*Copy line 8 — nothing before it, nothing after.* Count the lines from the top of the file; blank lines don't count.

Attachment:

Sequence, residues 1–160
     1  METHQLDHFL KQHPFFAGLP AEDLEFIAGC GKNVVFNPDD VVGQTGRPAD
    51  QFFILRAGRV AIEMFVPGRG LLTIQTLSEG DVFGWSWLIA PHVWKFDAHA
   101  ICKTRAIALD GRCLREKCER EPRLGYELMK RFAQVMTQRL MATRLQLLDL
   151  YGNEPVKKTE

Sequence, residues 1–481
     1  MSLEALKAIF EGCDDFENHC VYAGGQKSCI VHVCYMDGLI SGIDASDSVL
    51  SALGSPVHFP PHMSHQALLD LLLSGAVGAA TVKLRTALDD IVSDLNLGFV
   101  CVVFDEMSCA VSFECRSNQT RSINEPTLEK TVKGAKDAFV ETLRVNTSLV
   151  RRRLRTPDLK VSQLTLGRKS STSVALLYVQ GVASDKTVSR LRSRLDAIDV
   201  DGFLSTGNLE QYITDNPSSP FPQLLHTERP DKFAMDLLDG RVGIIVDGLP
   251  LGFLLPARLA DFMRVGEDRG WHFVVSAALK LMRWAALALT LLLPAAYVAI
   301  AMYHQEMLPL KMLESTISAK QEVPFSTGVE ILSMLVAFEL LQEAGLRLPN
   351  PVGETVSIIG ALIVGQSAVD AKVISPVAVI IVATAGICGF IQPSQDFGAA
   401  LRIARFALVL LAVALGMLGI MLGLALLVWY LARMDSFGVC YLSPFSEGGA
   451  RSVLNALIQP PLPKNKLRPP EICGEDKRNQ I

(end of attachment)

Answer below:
    51  SALGSPVHFP PHMSHQALLD LLLSGAVGAA TVKLRTALDD IVSDLNLGFV